STANDARDS FOR CONTROL AND VARIANCE ANALYSIS
Many organizations, specially manufacturing companies use standard cost accounting systems for planning and controlling operations. Standards are useful in detailed planning, cost control, performance measurement, and pricing decision. This unit examines how standards are set for material, labour, and manufacturing overheads. It illustrated the calculation of material, labour and manufacturing overheads variances and their analysis and interpretation.
3.2 Overview Of Standards For Control
Standards are mostly used in manufacturing organizations with the objectives of attaining strong control over costs.
3.3 Standards For Control
Standard cots are defined as, carefully predetermined costs created by management and used as a basis for comparison with actual costs. Like all standards, standard costs are measure of achievement. Consequently, managers must use care to ensure that the standards are appropriate measures of performance that encourage attainment of organizational goals.
Types of standards. Different firms may fix different standards and the same firm may adopt different standards at different points of time. This difference in standards arises due to the variation in circumstances or conditions under which standards are fixed. On the basis of circumstances, the standards may be classified as under:
- Ideal standard: A standard is said to be an ideal if it is based on ideal conditions of work. It reflects the most optimistic expectations of management. Ideal standards (also called perfection standards) can be achieved only with perfect operating conditions. It pre-supposes most favorable conditions of work and rules out any possibility of loss arising out of abnormal conditions such as break-down of machines, failure of power, employee error, labor strikes, changes in government policy, defective raw material, inventory shortage, etc. In brief, it assumes no production problems of any sort. Some managers believe that perfection (or ideal) standards motivate employees to achieve the lowest cost possible. They claim that since the standard is theoretically attainable, employees will have an incentive to come as close as possible to achieving it.
Other managers and many behavioral scientists disagree. They feel that ideal standards discourage employees, since they are so unlikely to be attained. Moreover, setting unrealistically difficult standards may encourage employees to sacrifice product quality to achieve lower cost.
- Basic standard: It is a fixed standard that provide a framework for comparing performance over a period of years. They are sometimes called long-range standards because once created, they are used for several years or longer. Since a basic standard remains unchanged, it does not suggest, “What the cost for the year ought to be?” Therefore, it cannot be used for valid comparisons as rapidly rising resource costs and charging production technology often make basic standards difficult to use. As a result, not many firms use basic standards.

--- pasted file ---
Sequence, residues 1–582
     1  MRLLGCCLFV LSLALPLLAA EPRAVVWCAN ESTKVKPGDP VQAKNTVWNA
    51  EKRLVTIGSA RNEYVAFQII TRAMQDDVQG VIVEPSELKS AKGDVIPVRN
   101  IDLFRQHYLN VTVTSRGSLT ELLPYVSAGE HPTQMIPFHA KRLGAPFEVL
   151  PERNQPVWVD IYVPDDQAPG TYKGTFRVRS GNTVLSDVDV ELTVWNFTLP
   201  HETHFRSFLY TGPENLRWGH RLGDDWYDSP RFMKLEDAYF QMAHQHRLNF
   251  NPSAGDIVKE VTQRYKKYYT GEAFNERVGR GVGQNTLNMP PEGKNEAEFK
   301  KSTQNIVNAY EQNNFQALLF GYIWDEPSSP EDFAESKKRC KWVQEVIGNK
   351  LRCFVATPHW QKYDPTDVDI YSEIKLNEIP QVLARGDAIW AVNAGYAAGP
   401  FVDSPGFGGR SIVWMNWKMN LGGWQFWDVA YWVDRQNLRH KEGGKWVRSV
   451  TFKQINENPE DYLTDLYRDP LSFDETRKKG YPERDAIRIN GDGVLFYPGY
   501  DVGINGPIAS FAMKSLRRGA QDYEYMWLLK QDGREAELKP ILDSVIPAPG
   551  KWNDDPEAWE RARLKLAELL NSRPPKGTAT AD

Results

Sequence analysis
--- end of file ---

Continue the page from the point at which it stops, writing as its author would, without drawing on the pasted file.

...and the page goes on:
- Normal standard: Normal standards can also be termed as historical standards as it is based on the average performance in the past years. It can be fairly a satisfactory standard if the performance in the past has been fairly stable. In case of constantly improving efficiency or erratic performance, the normal standards will fail to serve the purpose. It suffers from all the defects of an arithmetic average based on a series of items that include few extreme items.
- Attainable standard: It is one that can be attained under the conditions and circumstances prevailing within the organization. Currently attainable standards are the most commonly used standards. They represent benchmarks for efficient production in the current environment. Currently attainable standards are not as stringent as ideal standards because they allow for normal production problems, such as equipment maintenance, downtime, random employee errors, and occasional inventory shortages. Still, currently attainable standards represent desirable information. Currently attainable standards are also called practical standards.
3.4 PURPOSES OF STANDARD COSTS
Cost information may be used for many different purposes. It should be noted that cost information that serves one purpose might not be appropriate for another. Therefore, the purpose for which cost information is to be used should be clearly defined before procedures are developed to accumulate cost data. Standard costs may be used for the following purposes:
i. Cost control: Monitoring and controlling the cost of production, marketing, and administrative activities are among the primary functions of managers. Cost control is not merely the minimization of costs; it is identifying costs with their benefits and ensuring that the costs are justified, given the benefits derived. Standard costs provide a useful framework for cost control.